News from the Tennessee Valley Sports
MONDAY, JUNE 11, 2007

North Alabama Fishing Reports

It’s hard to believe that summertime fishing patterns are already taking place on the North Alabama section of the Tennessee River.

Normally, you don’t see these patterns until late July and early August. The drought and extremely hot temperatures have many anglers guessing as to what they should do to catch fish.

With these hot summer days comes a lot of current from TVA on the reservoirs of the Tennessee River.

This current is good for fishing, but it also can be extremely dangerous.

When a swift current is flowing, never tie up your boat to a bridge piling or similar structure. The heavy current can submerge a boat in just a matter of seconds if the conditions are right.

Wheeler Lake: Points with ample structure and plenty of submerged grass are excellent places to throw crankbaits during early morning hours. Design yourself a pattern such as starting shallow and working your way into deeper water. Be sure to dissect the point thoroughly and consider using a second technique such as working topwater lures over the structure.

Catfishing is excellent during nighttime hours when current is flowing. Placing cut-bait or chicken livers on the bottom of the lake in areas where the current changes from one extreme to the other is a popular catfish catching method to use.

Bluegill are being caught near willowfly hatches during early morning and late afternoon hours.

Popping bugs or other flies should attract immediate attention near the hatch.

Wilson Lake: “Some big stripers are being caught in the tailrace of the (Wheeler) dam,” said Tim Bryant of Pat and Tim’s Bait and Tackle at Fishermen’s Resort. “I’ve been seeing some big coolers of them coming in.”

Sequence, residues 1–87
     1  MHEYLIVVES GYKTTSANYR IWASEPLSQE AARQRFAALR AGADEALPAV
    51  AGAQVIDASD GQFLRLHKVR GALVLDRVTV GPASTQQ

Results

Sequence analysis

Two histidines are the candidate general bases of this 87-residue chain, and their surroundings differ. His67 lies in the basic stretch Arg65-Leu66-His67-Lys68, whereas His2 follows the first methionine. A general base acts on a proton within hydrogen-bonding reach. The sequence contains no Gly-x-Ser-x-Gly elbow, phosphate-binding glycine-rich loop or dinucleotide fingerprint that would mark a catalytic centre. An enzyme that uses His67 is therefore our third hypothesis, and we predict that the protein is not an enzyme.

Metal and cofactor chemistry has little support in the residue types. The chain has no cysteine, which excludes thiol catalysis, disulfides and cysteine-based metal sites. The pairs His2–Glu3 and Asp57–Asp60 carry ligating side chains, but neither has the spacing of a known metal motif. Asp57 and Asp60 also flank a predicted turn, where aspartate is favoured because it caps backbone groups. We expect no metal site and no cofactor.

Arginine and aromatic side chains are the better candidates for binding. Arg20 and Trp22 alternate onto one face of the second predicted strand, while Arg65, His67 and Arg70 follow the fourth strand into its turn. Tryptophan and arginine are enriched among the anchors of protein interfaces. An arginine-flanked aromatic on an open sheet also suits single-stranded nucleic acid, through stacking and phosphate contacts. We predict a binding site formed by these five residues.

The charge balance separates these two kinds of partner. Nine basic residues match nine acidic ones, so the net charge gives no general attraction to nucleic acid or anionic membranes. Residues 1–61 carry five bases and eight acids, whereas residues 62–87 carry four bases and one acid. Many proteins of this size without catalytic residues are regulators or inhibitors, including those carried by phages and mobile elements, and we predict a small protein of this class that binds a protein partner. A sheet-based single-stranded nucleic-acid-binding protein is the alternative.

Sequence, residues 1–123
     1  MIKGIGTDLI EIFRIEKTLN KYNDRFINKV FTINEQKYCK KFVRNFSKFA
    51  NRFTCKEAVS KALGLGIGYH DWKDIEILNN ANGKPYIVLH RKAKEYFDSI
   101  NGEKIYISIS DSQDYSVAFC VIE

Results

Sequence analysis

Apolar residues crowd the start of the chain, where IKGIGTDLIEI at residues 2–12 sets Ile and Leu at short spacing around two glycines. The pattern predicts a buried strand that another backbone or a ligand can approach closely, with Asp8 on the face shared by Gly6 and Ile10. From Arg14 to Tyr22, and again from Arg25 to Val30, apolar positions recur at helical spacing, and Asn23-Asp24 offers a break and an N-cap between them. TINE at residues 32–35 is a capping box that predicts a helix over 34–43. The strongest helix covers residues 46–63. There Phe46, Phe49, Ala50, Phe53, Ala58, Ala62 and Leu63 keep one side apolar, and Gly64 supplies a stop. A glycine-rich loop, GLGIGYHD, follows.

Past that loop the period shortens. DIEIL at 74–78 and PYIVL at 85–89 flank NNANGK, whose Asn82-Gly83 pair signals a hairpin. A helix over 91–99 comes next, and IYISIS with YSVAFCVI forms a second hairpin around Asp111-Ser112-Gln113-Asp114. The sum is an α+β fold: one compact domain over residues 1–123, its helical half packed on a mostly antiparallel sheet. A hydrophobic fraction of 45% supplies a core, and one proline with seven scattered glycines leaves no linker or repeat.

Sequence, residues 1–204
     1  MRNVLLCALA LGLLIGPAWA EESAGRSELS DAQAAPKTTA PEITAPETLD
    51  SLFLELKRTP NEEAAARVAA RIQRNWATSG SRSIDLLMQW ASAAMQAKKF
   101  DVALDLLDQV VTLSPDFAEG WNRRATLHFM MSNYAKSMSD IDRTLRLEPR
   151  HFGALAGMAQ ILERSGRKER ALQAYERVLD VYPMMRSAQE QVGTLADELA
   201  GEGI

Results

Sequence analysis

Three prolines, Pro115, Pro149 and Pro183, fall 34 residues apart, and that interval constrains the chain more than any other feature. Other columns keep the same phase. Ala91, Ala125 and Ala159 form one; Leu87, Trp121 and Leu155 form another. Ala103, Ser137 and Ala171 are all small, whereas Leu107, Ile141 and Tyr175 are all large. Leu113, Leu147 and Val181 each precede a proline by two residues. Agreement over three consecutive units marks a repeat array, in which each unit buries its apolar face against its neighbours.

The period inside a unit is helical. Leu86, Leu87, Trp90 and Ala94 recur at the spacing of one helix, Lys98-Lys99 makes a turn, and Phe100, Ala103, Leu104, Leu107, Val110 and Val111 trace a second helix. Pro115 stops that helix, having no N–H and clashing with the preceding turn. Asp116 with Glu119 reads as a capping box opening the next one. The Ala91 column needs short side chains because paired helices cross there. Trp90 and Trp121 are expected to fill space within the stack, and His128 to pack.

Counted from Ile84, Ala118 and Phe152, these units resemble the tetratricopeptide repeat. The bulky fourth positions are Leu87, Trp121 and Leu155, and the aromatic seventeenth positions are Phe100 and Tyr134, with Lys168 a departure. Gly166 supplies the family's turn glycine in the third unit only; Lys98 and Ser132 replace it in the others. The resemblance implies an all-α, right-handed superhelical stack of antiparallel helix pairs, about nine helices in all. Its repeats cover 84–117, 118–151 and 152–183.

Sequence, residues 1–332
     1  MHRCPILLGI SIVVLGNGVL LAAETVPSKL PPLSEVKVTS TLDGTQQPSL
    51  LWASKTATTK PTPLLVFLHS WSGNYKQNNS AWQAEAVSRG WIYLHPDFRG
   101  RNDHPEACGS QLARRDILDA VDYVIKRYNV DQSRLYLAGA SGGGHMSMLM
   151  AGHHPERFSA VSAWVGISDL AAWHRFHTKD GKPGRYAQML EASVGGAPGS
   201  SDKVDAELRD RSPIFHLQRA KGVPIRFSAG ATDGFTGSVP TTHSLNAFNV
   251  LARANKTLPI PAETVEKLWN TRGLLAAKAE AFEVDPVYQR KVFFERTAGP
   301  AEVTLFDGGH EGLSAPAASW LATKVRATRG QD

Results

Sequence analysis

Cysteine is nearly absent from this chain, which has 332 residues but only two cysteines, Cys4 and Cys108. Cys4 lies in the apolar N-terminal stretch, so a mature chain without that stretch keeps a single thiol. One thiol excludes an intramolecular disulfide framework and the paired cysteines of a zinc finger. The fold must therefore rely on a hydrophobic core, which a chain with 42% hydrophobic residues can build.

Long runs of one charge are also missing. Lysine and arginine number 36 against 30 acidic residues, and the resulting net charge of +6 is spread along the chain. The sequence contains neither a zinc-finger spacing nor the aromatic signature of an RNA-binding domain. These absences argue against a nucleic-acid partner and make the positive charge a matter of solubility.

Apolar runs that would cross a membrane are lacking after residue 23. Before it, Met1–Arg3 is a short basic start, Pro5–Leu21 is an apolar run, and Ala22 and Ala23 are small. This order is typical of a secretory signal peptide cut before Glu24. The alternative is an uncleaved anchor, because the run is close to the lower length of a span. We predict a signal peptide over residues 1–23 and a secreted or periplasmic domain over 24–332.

Bryant said that anglers are drifting shiner minnows and shad in the current and some are catching fish trolling.

“Catfish are being caught down river from the dam in 12 to 20 feet of water, and bluegill are biting crickets and redworms around rocks and areas like that,” Bryant said. “They’re catching some largemouths (bass) every now and then around islands but you never know what the day is going to be like. It might be good one day and then slow down.”

Several baits are being used to catch largemouth bass such as Texas-rigged plastic worms, jig-and-pig combinations, spinnerbaits and crankbaits.

Pickwick Lake: Rock points are the places to throw swimming jigs for smallmouth bass when current is flowing. The back-current sides of the points are where the bigger smallmouth bass are being caught. Popular colors for the jigs include pearl, chartreuse and pearl/red.

Be sure to let the jig sink deep and then work it toward the surface cranking fast and twitching the rod tip.

White bass and hybrid stripe are being caught in the tailrace of Wilson Dam. Drifting live shad and shiner minnows in the current can bow a rod before you get settled and set the drag.

Bluegill are being caught around boathouses and boat docks that produce an ample amount of shade during afternoon hours. Live crickets and live redworms are the baits of choice.

Lake Guntersville: Just before the sun comes up early in the morning is the time to be working topwater lures through and near floating and submerged grass beds. Plenty of largemouth bass in the 6- to 8-pound range are feeding near the surface around dawn.

The bluegill bite is good around willowfly hatches where popping bugs and live crickets can fill a stringer quick. Also, look for bluegill to be feeding late in the afternoon around rocky outcrops where shade is present.

Paul Stackhouse

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